A Corny Story
Apparently I forgot a category in yesterday’s poll (which is still going on btw!) . . . “investigative journalism of controversial topics.” Thanks, Whittney! So here I am, reporting to you live from the potamus family living room, where just moments ago I looked outside and confirmed this groundbreaking, nutcracking story. Before you start shouting at your screen, I know I am not a journalist. Let’s have some fun, though.
The farmer grinned as he told the visitor, “Watch this!” He called his pigs, which ran frantically towards him to be fed. But when he scooped out corn and threw it on the ground, the pigs sniffed it and then looked up at the farmer with confused expectation. The farmer then scooped corn from another bin and flung it near the pigs, which ran over and quickly devoured it.
The farmer said, “The first corn is genetically engineered. They won’t touch it.”
When I first read this I thought “nice way to make a point!,” but I didn’t really believe it. I mean sure, every day there is more research indicating that genetically modified crops (GMO’s) cause infertility, infant mortality, immune dysfunction, allergies, accelerated aging, organ damage, stunted growth, and death¹. But surely the pigs didn’t figure it out before we did. Um, yeah . . . and it’s not just the pigs.
The Washington Post reported that laboratory mice, usually happy to munch on tomatoes, turned their noses up at the genetically modified FlavrSavr tomato. Scientist Roger Salquist said of his tomato, “I gotta tell you, you can be Chef Boyardee and mice are still not going to like them.” The mice were eventually force fed the tomato through gastric tubes and stomach washes. Several developed stomach lesions; seven of forty died within two weeks. The tomato was approved without further tests.
Cows, pigs, elk, deer, raccoons, squirrels, rats, and mice all share the same aversion to GMO’s, says Smith. I had to see this for myself, so decided to experiment on our backyard squirrels.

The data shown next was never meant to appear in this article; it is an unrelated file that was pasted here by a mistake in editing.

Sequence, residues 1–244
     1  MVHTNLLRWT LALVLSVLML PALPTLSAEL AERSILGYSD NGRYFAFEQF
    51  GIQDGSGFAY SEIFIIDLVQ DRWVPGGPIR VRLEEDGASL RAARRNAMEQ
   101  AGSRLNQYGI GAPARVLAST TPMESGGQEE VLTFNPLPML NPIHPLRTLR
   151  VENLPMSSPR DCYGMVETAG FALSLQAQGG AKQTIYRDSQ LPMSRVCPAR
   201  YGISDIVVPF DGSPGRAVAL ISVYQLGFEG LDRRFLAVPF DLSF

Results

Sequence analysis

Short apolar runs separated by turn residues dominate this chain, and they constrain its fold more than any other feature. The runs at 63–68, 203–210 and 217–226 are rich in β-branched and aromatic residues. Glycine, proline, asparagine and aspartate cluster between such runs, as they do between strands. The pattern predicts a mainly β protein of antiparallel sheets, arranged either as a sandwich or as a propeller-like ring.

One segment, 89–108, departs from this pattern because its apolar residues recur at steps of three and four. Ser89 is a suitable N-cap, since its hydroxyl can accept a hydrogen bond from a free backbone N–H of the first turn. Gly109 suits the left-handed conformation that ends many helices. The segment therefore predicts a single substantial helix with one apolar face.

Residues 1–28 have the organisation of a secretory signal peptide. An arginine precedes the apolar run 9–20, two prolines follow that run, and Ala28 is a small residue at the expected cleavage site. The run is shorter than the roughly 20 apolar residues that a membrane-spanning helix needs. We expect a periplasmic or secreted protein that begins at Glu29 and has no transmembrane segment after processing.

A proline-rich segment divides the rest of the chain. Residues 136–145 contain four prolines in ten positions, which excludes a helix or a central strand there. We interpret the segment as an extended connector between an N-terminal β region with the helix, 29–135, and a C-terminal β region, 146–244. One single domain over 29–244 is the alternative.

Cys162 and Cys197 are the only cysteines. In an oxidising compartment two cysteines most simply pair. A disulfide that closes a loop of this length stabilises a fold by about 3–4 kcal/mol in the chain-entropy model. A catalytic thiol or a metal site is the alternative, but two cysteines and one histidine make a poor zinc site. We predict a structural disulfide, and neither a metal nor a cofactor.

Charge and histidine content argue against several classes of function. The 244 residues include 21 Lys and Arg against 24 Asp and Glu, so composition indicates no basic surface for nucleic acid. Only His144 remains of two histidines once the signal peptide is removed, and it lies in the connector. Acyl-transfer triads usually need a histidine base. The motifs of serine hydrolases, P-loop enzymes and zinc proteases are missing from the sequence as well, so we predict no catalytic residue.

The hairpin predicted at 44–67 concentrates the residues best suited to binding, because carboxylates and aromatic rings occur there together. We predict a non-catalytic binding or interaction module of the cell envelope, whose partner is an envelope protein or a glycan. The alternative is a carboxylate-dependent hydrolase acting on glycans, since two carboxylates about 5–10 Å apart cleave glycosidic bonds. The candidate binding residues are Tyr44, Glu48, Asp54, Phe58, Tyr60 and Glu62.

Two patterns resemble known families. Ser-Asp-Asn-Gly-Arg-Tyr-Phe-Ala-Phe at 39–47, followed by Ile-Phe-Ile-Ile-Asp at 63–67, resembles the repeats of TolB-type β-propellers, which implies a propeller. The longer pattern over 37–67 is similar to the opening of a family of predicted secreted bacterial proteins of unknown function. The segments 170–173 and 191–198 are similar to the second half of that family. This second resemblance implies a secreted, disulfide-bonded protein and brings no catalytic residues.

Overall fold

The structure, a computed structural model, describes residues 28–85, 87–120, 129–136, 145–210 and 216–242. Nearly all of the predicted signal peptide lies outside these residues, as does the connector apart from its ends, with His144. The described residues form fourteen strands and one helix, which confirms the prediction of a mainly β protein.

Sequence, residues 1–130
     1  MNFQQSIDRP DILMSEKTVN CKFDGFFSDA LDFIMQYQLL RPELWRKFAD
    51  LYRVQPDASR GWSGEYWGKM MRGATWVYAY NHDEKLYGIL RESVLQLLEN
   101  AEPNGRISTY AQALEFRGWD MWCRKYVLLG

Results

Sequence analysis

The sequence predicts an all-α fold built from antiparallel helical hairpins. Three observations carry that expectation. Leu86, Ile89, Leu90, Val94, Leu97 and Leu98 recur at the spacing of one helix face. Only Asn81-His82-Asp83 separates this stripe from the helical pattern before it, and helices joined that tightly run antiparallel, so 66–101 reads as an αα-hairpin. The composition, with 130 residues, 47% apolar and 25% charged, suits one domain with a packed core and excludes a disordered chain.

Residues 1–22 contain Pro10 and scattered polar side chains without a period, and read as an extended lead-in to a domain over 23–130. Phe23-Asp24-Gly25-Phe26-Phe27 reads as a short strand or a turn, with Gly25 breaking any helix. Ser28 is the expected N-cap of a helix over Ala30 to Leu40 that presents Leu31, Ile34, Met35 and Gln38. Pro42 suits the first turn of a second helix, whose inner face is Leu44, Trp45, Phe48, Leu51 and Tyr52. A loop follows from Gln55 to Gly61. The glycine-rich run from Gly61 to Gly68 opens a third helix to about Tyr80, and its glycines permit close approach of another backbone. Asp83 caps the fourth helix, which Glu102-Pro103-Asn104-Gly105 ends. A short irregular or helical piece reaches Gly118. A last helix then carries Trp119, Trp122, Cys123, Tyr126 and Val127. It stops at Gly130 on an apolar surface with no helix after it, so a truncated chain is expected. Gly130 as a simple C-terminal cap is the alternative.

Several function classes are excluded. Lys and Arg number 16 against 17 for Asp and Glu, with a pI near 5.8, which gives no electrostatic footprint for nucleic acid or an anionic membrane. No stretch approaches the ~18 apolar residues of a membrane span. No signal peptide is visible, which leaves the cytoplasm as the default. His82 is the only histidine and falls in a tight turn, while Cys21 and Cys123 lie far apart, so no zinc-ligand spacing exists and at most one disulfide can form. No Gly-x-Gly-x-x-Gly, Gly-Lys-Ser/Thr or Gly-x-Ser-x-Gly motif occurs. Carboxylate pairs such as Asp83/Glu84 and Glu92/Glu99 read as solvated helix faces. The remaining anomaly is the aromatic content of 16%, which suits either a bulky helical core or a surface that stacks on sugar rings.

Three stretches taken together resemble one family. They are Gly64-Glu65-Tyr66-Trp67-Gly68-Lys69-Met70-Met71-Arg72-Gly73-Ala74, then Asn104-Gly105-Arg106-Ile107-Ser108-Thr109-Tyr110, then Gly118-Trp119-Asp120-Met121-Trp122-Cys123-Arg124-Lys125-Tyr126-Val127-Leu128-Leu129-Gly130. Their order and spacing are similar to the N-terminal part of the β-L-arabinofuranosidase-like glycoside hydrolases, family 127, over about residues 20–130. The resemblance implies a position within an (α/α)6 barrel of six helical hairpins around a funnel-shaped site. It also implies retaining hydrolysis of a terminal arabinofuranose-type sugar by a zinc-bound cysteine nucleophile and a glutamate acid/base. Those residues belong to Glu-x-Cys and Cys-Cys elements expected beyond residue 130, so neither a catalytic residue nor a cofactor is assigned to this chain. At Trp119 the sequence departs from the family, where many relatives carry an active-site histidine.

Katie and I created a mini-snack bar on the fence by the pecan tree where the squirrels hang out. Our menu consisted of organic corn from Whole Foods and some “all natural” corn from Kroger. GMO’s are dumped into our food supply without any labeling so I couldn’t be sure about the “all natural” corn, but since about 85% of the corn grown in the U.S. is GMO I thought it was pretty likely.
While we were filling the containers Katie tried to eat the Kroger corn and I totally flipped out. Protective much?
Snack bar open for business!!!
For the first couple of days I ran out every morning to see what was happening. Nada. Although the squirrels took a few polite nibbles, they didn’t seem interested so I pretty much forgot about it. Two months later I found this.
Thanks . . . But NO Thanks
Just a few kernels were left in the organic container, but after some curious nibbles the squirrels turned tail and ran from the GMO stuff. Although they wouldn’t comment, I think they read that study where the third generation of hamsters fed genetically engineered soy suffered slower growth, a high mortality rate, and a bizarre birth defect: fur growing in their mouths. Many also lost the ability to have pups, too.
Or maybe they picked out the roughly 15% that wasn’t genetically modified. Who knows??
Either way, I hope I’m not the only one that thinks we should take a hint from the Potamus family squirrels. If you’re not quite convinced, check out this video. I used to think the war was already lost, but I was wrong. We do not have to accept GMO’s as a fact of life. Although it takes a moment to get interesting, Jeff’s comments on the tipping point were surprisingly optimistic. Check it out!
Note: Thanks to a reader I learned after posting this that a smaller percentage of sweet corn grown in the U.S. is GMO than, say, field corn. I cannot say for sure that this corn was genetically modified.